Intense Demo Day and UZZI Test Ride

Yesterday, the Intense Demo Tour along with BikeBling were at Daley Ranch in Escondido so I swung by to check out the scene.  There were lots of folks buzzing around right from the start and it did not take for the 20 plus sweet demo rigs to be set free with test riders out onto the trails. I’m pretty sure that I saw the entire lineup of bikes go out at least twice while I was there.

There was more than just the production bikes there.  There were some prototypes and preproduction bikes to kick around as well.  Here is a Jeff Steber science project bike.  This is a Tracer with a set of ISCG tabs welded onto the bottom bracket to allow for a Hammerschmit crankset to be used.  (Production Tracers don’t have these tabs) This is an internal geared crankset that allows you to shift under full load, while coasting or even pedaling backwards.  It is effectively a 22/36 crankset.  The additional clearance this thing could give is pretty freaking crazy.  This could also be pretty awesome if you had a bike that does not accommodate a front derailuer.

There were also couple of rigs they were setback for gawk and droll.  One of those rigs was a preproduction UZZI in Works Blue. What an incredible looking bike.  This one had the adjustable G3 dropouts set to the shorter wheelbase, a Rockshox Totem fork and the new (I think still prototype?) 2010 Fox DHX-A shock. I’m not sure how much the bike weighs but I guess around 34 pounds or so.

Later on in the morning the guys let me put some dirt on this thing and I have to say I was pretty freaking impressed. Daley Ranch is quite hilly but really does not have all the features to put this bike through all of it’s paces.  There is enough there to establish an impression.  If I had to sum up my thoughts of this rig into a single sentence it would have to be this.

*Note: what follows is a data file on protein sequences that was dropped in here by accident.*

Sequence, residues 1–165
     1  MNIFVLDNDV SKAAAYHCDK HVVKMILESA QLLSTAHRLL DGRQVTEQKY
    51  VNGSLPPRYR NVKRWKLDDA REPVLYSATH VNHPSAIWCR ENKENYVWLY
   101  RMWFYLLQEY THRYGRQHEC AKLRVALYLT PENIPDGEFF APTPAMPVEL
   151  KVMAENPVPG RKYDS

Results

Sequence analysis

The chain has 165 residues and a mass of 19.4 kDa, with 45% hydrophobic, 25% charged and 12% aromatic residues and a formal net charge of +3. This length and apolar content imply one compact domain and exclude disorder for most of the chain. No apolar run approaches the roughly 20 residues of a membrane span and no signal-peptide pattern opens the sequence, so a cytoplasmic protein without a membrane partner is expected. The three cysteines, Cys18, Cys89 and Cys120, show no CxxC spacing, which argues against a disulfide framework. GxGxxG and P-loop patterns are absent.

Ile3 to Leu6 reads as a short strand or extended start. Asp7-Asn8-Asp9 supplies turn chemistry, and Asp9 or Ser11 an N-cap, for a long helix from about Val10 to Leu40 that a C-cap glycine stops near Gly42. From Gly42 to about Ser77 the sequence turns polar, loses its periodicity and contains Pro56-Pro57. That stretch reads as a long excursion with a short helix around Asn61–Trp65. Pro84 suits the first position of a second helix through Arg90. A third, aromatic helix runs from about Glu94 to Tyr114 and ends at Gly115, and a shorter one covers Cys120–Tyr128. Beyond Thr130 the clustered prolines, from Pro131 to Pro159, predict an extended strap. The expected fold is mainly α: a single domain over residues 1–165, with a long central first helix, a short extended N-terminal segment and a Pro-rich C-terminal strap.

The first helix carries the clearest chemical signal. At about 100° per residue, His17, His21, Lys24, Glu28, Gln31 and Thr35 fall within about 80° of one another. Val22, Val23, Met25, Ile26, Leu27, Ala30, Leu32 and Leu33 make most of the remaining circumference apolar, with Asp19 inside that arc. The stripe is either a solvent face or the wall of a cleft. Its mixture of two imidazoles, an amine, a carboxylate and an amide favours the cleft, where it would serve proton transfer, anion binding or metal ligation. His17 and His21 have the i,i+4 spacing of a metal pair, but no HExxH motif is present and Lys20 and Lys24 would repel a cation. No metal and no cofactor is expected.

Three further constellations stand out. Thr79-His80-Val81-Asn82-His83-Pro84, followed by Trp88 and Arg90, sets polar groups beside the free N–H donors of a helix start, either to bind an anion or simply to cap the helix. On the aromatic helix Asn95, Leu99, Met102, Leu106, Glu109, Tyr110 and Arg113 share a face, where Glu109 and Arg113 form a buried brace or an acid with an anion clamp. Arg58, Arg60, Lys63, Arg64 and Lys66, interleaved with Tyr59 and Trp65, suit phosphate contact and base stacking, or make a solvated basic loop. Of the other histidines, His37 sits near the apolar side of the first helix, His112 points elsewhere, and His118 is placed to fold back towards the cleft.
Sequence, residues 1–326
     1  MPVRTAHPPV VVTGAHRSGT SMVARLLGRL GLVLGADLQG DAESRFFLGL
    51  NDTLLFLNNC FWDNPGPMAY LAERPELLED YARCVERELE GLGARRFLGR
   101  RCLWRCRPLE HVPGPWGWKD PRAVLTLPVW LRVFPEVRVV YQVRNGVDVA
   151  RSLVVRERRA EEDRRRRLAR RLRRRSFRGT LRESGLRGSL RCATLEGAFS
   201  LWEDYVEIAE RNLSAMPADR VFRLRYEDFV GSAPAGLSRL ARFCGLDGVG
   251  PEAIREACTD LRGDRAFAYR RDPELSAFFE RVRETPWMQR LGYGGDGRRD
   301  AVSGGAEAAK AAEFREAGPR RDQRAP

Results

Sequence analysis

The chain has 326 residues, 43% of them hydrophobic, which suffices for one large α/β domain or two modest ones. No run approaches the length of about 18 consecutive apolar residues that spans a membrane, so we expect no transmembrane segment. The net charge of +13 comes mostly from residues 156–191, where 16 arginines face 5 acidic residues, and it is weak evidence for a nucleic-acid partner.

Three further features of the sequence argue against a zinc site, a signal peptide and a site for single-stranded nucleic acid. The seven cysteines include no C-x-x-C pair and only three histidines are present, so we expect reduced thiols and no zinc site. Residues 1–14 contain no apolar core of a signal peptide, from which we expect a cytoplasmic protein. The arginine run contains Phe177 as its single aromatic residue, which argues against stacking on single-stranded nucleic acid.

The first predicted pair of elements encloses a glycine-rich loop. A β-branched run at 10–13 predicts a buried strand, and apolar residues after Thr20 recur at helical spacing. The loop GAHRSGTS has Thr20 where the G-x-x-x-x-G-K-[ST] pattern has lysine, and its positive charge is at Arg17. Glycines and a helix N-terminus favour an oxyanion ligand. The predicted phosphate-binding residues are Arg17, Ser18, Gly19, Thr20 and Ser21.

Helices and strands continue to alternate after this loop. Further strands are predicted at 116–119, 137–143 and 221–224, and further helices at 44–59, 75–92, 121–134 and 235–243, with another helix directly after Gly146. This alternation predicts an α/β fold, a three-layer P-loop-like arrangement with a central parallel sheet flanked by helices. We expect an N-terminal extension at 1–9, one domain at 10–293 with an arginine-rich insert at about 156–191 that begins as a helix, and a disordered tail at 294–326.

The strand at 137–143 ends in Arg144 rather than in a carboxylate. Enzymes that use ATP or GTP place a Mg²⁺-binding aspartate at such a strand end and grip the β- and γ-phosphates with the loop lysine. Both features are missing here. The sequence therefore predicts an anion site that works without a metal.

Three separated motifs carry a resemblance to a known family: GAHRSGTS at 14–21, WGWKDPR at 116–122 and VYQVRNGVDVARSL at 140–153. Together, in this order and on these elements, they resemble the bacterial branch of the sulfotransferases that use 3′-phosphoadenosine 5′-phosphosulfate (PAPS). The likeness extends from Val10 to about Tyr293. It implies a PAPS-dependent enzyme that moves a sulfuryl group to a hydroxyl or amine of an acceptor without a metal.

A killer rig that will have you thinking you have much less than seven inches of travel when you are climbing and you will swear you have much more than seven inches of travel when you are descending.

I do very little shuttling or lift-assisted riding so a rig of this size would have to be able to climb for my usage.  Daley Ranch is an excellent place to get your climb on, and I purposely picked a route that would meet my “threshold” for climbing.  Basically if the rig could  climb this route without undo pain, it would meet my criteria for a “climbable rig”.   The sag on the DHX-A shock was not too far off for me so I only added air to the main pressure chamber to get the sag somewhere around 30-35%.  So you know what I comparing against, my normal rig is a 6.6 and I have ridden it with an older style (15-click propedal) Fox DHX-A, a RP23, and most recently a Cane Creek Double Barrel shock.    Right out of the gate I was impressed with the small bump compliance.  I was taking the rockiest lines I could find and it felt really good.   The propedal worked as it should, but I found that the climbing efficiency of the VPP design makes propedal not a major concern for me.   The bike was setup in trail bike mode with the adjustable G3 dropouts setup for the shorter wheelbase, higher BB and steeper head angle.  The slacker angles compared to my 6.6 with a TALAS 36 fork where noticeable on the climbs. I routinely drop my fork down on steeper climbs but you can’t do that with the Totem fork so adjusting your body position was required on the steeper stuff to keep the fork on the ground.  This is something I find easily adaptable.  

I worked my way to one of my favorite spots that has some rocks to play on that include some drops.  I was pretty quite surprised when I hit the first drop.   The rear shock felt freaking awesome.  In the past I was never really able to get either the RP23 or the DHX-A balanced where I could have small bump compliance and not blow through all of my travel on drops.   The feeling in the rearend of the bike on the landing was very similar to the progressive ramp up that you get with a coil shock.  I was by myself, but still had to verbally say “WOW”.  I spent a good chunk of time sessioning the drops and rocks just to keep checking out the feeling.  This shock was not blowing through the midstroke travel like I had seen before in the older DHX-A on my 6.6.  I have no idea what is going with the internal changes for the 2010 model but it is certainly a vast improvement.   Now experience wise I’m still pretty new to the coil-shock scene, but I would have to say from a layman’s perspective this new DHX-A felt very coil like.